My mother is Scottish and I often visited Scotland as a child, so I could not really view the character of the people with any perspective, having always been familiar with it.  I would say, however, that white people in South Africa struck me as relatively loud and pushy, which perhaps says something about the Scottish character being the opposite.  There is a pithy Afrikaans saying – ‘n boer maak ‘n plan – which translates literally as ‘a farmer makes a plan’, and metaphorically as ‘there’s always a way’.  This expresses something akin to the US ‘can-do’ attitude, and it might be said to be the opposite of the Scottish negativity discussed above.

Good Energy

I get my electricity and gas from Good Energy so don’t feel too guilty about heating my home.

Anyway, for years I eschewed heating, preferring to grit my teeth and tough it out.  This was for both environmental and financial reasons.  Does this have anything to do with my apparent lack of material success?  Those who believe in the so-called law of attraction would say that I had adopted a poverty/anti-abundance mindset and that this might explain it as much as a hunched posture.  (Most other people would probably say that I have should simply have stayed working as a vet rather than try to make it as a writer!)  Lately I have taken to using heating for several reasons:

  • My gas and electricity are supplied by Good Energy.  All the electricity I use comes from renewable sources and some of the money I spend on the gas is used to fund more renewable energy generation.   In other words, my energy consumption probably has less of a negative impact on the environment than most.
  • It is my responsibility as a tenant to keep the property I am renting in good order, and cold and damp are not good for it.
  • I feel it’s worth experimenting with an ‘abundance mindset’.  Worrying never gets anyone anywhere, and my financial situation appears to be improving anyway.
  • It’s more comfortable.

So now I add to these reasons the theory I have come up with, as presented above.  I realise that this cannot in any way be considered a scientific experiment, as I am doing more than one thing that may affect my worldly success (of which meditation is the major one) and there is  no control, far less a double-blind protocol and replication, but it will still be interesting to see what happens now that I am allowing myself to heat my home and shall be consciously changing my posture!  Happiness and wealth in abundance?

Education: meditation, ‘fake it until you become it’, inequality and, above all, empathy!

Whatever the merits of my own theory on the effect of weather on the Scottish national character, I am convinced of the benefits of meditation, which possibly triggered the idea in the first place.  It certainly boosts creativity, and it is extremely helpful to know that one does not have to identify with one’s thoughts and emotions; that one is more than one’s thoughts and emotions and that one can have some control over them.  Meditation is an invaluable tool for doing this, and should undoubtedly be taught in schools, perhaps under the title of ‘mindfulness’.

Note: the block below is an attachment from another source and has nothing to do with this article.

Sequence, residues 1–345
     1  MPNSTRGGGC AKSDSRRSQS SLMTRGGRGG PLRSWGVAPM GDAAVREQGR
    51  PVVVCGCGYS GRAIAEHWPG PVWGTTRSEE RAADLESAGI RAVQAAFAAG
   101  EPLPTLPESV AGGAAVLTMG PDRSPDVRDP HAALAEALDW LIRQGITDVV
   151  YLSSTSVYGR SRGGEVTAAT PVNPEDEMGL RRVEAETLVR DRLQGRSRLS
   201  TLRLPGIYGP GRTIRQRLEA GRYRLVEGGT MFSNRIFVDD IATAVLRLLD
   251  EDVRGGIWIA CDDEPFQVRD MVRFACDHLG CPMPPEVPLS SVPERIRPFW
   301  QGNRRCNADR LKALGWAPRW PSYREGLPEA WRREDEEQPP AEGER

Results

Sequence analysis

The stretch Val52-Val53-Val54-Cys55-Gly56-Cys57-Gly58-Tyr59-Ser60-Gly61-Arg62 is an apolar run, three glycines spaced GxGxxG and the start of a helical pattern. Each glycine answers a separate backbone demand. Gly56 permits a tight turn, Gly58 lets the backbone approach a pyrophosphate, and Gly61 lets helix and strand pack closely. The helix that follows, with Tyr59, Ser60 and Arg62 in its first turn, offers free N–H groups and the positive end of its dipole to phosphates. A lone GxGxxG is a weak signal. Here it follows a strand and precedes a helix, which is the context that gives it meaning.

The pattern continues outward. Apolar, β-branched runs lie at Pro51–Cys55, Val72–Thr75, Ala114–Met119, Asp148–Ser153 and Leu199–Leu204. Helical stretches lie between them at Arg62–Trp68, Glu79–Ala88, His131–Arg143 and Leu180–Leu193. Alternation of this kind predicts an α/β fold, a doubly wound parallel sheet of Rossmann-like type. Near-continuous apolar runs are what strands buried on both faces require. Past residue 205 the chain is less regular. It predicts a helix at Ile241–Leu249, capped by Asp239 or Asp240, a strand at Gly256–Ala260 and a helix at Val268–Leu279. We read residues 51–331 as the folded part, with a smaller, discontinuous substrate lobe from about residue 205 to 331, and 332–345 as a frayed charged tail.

It seems that Amy Cuddy’s advice (‘fake it until you become it’) may also be worth passing on.  It’s another way of influencing one’s mental, emotional and physical state, and therefore one’s happiness and performance.  If there is as much evidence for it as it seems, how can we deprive our children of this knowledge?

I alluded above to the effects of income inequality on individuals and society as a whole.  There is now a mountain of evidence on this subject.  This should surely be on the school curriculum.  We should, in my opinion, measure every government policy against its effects on socio-economic equality.

The most important thing we should teach our children, however, is empathy.  This topic is fundamental if we are ever going to make a significant impact on their miserable, materialistic, bullied existences.  The ability to empathise is, interestingly, impaired by living in extremely unequal societies.   Empathy starts with not being too hard on oneself, so mindfulness must surely play a role here too.  These things are all related!

Tying up the topics of mindfulness (awareness/consciousness) , education and empathy, here is a discussion I highly recommend:

And here’s an extremely short video on empathy, imagination and education:

What will the ‘crabbit old bat’, an author of books on the brain, make of this?

Nicola Morgan's books on the brain

I wonder what Nicola Morgan, a famous ‘crabbit old bat’, and an author of two excellent books on the brain, will make of this essay?

Finally, I wonder what Nicola Morgan, famously top of the search engine list for ‘crabbit old bat’, and the author of excellent books on the brain for young people, will make of my essay?

All something to meditate on, anyway!  What are you going to do if you think there is some merit in any of the ideas I have shared?

Please at least share this essay with others if you found it interesting.

About biowrite

I am a writer specialising in non-fiction, particularly in assisting people with their biographies.